The world is rapidly changing around us and we all play a part in the future that is created. In this article, you’ll explore great tips for living a happier and healthier life that is more intentional.
According to the World Health Organization, 13 million deaths annually and nearly a quarter of all disease worldwide are due to environmental causes that could be completely avoided.
The conditions of our environment play a substantial role in the well-being of humanity and all life on earth.
While it’s easy to feel like our part individually is insignificant it’s important to remember that we’re all part of a bigger system. We are nature.
Taking care of nature is the same as taking care of ourselves.
Health issues such as asthma, chronic obstructive pulmonary disease, cardiovascular disease, and stroke can all be triggered by poor environmental conditions.
Business is one major tool people use today to help create large-scale positive change. But we can’t stop there or rely only on business. Part of living an impact lifestyle means to live consciously. This means we need to become aware of small daily actions and make smart decisions. This can be tough sometimes because it’s like breaking old addictions.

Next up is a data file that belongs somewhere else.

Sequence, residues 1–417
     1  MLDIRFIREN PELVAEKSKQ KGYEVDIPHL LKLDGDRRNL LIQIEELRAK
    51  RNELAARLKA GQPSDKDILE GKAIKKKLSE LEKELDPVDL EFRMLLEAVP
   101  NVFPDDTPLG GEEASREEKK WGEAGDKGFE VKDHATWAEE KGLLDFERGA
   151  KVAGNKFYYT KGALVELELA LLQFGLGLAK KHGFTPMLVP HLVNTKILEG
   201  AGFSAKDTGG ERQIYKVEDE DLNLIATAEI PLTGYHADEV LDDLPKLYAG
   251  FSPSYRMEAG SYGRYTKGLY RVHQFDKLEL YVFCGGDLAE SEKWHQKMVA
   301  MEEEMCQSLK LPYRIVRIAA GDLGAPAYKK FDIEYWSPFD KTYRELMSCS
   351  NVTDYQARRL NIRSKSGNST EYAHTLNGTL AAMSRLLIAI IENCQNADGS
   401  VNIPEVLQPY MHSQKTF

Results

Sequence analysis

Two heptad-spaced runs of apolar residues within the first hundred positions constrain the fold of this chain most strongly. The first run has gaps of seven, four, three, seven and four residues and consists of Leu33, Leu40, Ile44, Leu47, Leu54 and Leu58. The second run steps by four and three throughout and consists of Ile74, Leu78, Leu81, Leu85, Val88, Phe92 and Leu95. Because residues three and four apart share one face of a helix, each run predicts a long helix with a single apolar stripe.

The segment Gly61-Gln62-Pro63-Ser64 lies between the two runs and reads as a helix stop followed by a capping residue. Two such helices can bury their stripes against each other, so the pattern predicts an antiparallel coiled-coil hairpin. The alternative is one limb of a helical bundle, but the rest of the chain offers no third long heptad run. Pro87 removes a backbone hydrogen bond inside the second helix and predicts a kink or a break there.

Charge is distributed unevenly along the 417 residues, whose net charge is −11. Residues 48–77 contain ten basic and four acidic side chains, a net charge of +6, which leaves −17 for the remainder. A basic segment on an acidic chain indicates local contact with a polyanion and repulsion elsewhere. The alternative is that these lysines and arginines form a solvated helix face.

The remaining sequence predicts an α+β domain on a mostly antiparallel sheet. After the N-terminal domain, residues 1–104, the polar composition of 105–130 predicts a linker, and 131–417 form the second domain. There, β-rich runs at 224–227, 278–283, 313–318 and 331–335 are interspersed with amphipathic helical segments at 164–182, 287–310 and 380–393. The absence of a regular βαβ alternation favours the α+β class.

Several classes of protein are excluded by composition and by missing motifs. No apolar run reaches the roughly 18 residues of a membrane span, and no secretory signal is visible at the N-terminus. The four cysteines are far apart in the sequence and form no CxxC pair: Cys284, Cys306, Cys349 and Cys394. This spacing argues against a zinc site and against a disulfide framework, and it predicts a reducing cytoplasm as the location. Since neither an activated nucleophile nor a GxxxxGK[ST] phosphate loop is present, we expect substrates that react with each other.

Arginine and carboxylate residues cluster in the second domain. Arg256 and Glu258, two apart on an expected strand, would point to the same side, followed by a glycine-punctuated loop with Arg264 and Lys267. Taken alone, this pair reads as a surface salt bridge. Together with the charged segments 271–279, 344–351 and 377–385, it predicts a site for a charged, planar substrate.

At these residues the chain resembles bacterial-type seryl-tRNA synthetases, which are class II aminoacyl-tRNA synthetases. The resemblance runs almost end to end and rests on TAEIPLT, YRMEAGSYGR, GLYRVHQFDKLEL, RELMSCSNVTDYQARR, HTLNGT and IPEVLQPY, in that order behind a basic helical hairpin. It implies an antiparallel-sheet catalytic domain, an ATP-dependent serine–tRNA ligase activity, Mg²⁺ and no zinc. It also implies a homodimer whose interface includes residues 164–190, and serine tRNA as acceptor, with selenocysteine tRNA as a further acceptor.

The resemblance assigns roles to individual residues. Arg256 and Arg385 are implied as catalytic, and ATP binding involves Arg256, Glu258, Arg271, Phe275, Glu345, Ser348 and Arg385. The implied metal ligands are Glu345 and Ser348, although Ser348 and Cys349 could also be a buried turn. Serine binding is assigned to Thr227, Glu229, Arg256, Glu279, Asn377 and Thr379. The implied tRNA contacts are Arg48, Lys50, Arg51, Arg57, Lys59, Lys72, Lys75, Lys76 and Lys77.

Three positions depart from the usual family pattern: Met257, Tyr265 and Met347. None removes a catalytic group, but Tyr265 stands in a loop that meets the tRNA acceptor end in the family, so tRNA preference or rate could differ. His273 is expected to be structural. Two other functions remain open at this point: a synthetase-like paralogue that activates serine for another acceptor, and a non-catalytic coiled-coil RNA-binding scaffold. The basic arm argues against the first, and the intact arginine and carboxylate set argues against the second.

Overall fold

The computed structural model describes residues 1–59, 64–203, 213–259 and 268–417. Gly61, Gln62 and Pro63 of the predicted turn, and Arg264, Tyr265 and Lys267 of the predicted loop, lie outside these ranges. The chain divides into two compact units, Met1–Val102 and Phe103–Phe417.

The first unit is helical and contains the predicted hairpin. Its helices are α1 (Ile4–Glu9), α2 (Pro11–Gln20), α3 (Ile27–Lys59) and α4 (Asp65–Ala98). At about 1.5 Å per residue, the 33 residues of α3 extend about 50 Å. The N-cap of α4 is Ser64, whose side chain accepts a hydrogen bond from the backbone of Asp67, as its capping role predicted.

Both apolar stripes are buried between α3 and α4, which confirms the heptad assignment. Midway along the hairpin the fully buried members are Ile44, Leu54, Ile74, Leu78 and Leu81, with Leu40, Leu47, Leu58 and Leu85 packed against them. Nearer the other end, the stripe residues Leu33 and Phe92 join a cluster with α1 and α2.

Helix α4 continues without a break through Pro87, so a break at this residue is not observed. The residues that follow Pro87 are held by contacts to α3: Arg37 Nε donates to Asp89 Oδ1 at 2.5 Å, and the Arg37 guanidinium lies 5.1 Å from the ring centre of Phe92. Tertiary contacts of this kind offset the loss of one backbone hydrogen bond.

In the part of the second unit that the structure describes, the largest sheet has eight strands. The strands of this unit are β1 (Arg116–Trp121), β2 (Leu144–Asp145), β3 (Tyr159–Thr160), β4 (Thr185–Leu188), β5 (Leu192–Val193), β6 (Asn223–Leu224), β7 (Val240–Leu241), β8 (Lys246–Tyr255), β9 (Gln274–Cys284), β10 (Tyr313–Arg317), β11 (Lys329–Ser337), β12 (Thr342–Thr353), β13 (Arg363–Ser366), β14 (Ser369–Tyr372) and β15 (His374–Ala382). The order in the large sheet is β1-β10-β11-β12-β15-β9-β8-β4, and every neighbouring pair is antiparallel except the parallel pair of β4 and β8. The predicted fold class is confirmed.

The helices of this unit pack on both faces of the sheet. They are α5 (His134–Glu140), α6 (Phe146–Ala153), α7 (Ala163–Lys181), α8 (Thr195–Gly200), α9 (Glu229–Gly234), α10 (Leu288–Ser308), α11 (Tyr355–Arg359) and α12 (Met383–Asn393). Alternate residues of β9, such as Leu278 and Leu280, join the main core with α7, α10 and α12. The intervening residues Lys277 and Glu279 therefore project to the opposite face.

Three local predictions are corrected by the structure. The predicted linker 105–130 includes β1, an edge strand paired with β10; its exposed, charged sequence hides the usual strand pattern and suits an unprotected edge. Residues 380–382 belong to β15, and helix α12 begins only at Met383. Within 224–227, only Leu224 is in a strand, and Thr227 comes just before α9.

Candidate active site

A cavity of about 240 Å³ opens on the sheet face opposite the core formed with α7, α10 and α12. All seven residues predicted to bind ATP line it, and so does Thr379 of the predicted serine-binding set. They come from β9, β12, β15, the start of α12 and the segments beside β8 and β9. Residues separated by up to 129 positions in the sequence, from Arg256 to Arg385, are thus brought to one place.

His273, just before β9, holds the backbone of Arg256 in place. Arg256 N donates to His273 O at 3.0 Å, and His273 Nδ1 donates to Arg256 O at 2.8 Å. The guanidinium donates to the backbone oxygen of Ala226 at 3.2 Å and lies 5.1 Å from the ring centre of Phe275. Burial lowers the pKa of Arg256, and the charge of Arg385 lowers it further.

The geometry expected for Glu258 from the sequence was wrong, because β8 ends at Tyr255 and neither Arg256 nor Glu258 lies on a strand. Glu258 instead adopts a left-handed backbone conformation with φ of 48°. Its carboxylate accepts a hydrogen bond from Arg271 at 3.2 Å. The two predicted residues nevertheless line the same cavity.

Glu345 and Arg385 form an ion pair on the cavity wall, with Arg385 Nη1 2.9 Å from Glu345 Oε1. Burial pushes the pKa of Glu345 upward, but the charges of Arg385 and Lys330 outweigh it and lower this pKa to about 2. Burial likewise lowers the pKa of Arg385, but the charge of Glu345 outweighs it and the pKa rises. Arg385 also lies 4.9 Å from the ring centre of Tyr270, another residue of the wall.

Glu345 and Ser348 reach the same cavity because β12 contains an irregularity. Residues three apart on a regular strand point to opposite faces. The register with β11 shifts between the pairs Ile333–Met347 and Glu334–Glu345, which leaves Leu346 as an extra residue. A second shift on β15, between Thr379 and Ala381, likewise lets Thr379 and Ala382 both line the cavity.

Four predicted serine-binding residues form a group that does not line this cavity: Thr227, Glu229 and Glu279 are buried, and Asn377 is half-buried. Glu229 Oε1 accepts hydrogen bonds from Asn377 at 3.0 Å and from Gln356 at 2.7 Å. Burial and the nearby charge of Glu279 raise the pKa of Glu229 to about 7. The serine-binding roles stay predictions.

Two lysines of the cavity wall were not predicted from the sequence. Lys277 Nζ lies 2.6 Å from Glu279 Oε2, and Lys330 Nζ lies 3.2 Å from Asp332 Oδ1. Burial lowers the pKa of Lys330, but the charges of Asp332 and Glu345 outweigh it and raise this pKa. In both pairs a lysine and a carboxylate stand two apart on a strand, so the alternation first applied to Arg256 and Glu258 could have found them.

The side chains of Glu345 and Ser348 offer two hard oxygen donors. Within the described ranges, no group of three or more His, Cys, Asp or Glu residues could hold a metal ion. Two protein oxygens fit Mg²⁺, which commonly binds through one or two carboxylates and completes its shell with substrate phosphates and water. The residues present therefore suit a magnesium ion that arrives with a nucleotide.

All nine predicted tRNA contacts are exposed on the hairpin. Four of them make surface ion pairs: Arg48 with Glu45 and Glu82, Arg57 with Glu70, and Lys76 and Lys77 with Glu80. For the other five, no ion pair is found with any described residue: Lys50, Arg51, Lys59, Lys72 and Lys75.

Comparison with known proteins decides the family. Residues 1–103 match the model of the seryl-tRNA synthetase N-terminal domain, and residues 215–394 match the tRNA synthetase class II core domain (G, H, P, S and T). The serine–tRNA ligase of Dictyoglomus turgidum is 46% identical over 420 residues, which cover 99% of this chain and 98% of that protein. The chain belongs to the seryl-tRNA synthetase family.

Here are some steps you can take to start living a more conscious impact lifestyle today.
The Food We Eat
Food is an everyday necessity of life. It’s also a business. How those businesses operate matters and so do the choices we make. Every dollar we spend is like a vote for the world we live in.
Opting for local, healthy, environmentally responsible food helps promote both personal health and overall health of the community.
Production, processing, packaging, and transportation of food is highly dependent on the use of fossil fuels and chemical fertilizers. These can greatly harm our health and the health of the environment.
Today, if you walk through a grocery store and just take a moment to look around a notice how much plastic surrounds you, it will blow your mind.
Sustainable food systems operate in a cycle of sustainable production and support. Farmers can make their food more sustainable by limiting pesticide use and treating their animals humanely and responsibly. Consumers can select food produced close to home and reduce the impact of our food system on the environment by lessening the distance food travels from farm to table.
When buying food consider these tips:
- Buy local produce.
- Buy fairtrade products